Sunday, January 19, 2014

The good, the bad, and the ugly.

We authors love reviews. Certainly the enthusiastic ones from readers who enjoyed the book are the best, because they make us smile and they make us feel good about the work we've done. But the reviews from people who didn't like the book, either in whole or in part, are a necessary evil. We need those almost as much -- if not more -- than the "I loved it!" reviews.

Why? you ask. Because reading what people think is wrong or unrealistic, while such opinions may be hurtful at first, educates us. Reading negative reviews can only strengthen us as writers, especially if we take those negative words and use them to improve our work. A writer may disagree with a bad review, but that doesn't mean we can't learn and grow from it.

The reason I write this is because one of my author friends has said that she no longer pays any attention to the negative reviews she gets -- as in, she's stopped reading them altogether. She's even going so far as to encourage only the people who've enjoyed her books to post reviews; she doesn't want anyone posting negative reviews. What's the point, after all, if she isn't even going to bother reading them?

I firmly believe that this is a bad outlook for her to take. In my opinion, soliciting only positive reviews makes her seem arrogant and self-centered, as if everything she writes is gold. Having read her work myself, I can and will say that she is very talented, and she will certainly go far as an author. But no one is immune to mistakes. In her most "celebrated" work -- which I have read -- there were numerous editorial errors. Her characters also left quite a bit to be desired, as I honestly found several of them highly unbelievable.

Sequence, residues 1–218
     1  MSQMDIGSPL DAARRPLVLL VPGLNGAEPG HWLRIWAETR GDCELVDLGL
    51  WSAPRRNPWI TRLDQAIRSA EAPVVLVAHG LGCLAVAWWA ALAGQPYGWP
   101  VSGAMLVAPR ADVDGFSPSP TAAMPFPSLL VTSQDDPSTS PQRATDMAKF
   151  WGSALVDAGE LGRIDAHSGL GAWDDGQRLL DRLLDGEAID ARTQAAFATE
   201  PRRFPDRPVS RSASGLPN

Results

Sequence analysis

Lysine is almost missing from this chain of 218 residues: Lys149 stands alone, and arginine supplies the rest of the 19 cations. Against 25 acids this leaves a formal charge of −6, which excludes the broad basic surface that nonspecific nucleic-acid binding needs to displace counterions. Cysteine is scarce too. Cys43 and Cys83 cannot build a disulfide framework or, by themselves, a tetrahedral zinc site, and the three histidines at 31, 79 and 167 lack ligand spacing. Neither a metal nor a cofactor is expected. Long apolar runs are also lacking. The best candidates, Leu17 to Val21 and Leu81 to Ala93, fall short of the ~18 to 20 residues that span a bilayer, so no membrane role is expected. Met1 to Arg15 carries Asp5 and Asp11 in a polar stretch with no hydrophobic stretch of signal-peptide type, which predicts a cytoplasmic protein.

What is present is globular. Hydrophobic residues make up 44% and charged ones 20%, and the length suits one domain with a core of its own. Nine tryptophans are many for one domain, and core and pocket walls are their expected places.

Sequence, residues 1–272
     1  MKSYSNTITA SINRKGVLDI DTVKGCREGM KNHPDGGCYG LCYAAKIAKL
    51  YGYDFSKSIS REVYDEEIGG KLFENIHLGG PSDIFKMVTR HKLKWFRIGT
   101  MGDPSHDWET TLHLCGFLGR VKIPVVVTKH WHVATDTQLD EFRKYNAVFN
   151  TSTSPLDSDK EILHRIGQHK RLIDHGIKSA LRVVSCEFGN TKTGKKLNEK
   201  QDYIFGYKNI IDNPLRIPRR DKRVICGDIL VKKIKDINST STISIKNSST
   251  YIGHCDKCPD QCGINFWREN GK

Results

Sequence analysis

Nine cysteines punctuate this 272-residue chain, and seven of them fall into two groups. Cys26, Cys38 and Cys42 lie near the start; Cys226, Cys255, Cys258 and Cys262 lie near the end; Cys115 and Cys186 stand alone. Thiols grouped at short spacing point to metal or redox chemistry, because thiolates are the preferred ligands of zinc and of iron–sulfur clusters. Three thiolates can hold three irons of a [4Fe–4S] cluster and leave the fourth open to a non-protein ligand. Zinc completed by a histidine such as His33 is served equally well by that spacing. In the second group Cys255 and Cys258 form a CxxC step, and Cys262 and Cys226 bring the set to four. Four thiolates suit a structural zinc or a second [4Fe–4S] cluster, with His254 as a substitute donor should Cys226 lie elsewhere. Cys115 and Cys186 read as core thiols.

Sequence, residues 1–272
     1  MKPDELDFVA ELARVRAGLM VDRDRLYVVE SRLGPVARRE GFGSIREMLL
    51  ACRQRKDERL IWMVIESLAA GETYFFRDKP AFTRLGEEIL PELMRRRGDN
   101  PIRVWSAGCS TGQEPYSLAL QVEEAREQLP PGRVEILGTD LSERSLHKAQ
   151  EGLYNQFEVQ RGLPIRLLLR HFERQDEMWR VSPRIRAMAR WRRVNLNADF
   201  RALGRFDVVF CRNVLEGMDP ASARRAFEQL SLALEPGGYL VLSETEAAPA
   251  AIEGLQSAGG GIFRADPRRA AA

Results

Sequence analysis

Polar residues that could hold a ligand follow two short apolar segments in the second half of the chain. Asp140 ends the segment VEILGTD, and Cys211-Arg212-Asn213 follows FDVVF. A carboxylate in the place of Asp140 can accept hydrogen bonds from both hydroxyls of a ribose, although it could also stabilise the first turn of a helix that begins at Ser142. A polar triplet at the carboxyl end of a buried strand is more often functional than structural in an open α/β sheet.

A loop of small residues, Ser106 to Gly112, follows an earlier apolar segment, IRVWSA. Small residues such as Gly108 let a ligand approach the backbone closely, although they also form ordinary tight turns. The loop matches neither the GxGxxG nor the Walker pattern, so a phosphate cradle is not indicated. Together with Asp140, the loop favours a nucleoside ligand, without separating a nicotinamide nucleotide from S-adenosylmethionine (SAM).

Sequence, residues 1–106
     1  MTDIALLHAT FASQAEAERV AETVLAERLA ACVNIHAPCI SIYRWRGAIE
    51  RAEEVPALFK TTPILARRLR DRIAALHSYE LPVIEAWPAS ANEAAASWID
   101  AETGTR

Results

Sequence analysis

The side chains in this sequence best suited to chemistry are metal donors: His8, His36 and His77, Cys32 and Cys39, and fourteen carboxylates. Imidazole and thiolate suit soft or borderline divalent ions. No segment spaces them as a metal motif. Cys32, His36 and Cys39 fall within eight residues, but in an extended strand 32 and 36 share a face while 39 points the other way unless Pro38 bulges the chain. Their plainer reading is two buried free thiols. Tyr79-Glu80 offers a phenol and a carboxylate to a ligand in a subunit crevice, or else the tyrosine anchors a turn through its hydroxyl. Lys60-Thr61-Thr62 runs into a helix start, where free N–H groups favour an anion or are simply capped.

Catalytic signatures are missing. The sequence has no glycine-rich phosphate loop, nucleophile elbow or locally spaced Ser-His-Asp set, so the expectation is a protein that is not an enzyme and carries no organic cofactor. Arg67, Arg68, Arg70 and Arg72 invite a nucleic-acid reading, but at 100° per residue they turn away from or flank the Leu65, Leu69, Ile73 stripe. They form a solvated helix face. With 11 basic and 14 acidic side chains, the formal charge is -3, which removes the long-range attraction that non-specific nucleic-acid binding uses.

But that's just my opinion. No, I have not posted a review, because again -- what would be the point? Why bother wasting my time writing one if she's not going to bother reading it, because anything other than high praise is wrong and beneath her? I do try very hard not to be judgmental of anyone, but I just think her mindset against unfavorable reviews is wrong. And where else can I share this opinion if not here on the Diary?


  1. I thought that's what reviews were whether they be positive or negative. Sure I know y'all love positive ones, but the negative ones should be beneficial also in some form. But of course opinions are like assholes, everyone's got one. I love your books, and can't wait for the next one! Keep it up!

  2. Why thank you!

    Admittedly, I don't like getting bad reviews. So far I've only had one really bad one, a one-star review of my best-selling book to date, believe it or not. There's also a three-star review of the same book that, while I did not completely agree with the reader's viewpoint, instead of just saying "it sucked and was unrealistic", the young lady pointed out what she did and did not like about the book (she actually gave it a 3.5 out of 5, but Amazon doesn't allow for halves). THAT is the kind of "negative" review that really helps us writers, I believe -- when the readers tell us what didn't work for them. Doesn't necessarily mean we're going to change our style or methods, but the feedback, the interaction, is what is important. I actually rather liked that she engaged me in a discussion of the books good and bad points in her eyes. And hey, she did say she'd be open to reading the next one.

    The person I spoke of in the post above is someone you and I both know. Someone we're both fans of. But to actually say "If you HATED it -- I hope you didn't review it"? So what if a bad review makes you cry. Yeah, it sucks big time, but then you dry those tears, suck up the hurt, and you push on. You write BETTER because you are STRONGER for having been able take the negativity with a grain of salt. But no, she would rather not see a negative review at all rather than use it as an opportunity t0 improve herself.